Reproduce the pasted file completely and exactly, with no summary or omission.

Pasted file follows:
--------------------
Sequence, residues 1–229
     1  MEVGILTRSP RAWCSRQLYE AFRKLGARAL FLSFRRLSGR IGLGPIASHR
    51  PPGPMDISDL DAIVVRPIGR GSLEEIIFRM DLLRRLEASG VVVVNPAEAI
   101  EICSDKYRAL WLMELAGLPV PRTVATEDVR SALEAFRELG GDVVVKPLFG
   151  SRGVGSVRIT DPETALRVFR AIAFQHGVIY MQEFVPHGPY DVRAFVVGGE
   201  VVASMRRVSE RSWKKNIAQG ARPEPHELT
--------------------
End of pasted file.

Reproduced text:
Sequence, residues 1–229
     1  MEVGILTRSP RAWCSRQLYE AFRKLGARAL FLSFRRLSGR IGLGPIASHR
    51  PPGPMDISDL DAIVVRPIGR GSLEEIIFRM DLLRRLEASG VVVVNPAEAI
   101  EICSDKYRAL WLMELAGLPV PRTVATEDVR SALEAFRELG GDVVVKPLFG
   151  SRGVGSVRIT DPETALRVFR AIAFQHGVIY MQEFVPHGPY DVRAFVVGGE
   201  VVASMRRVSE RSWKKNIAQG ARPEPHELT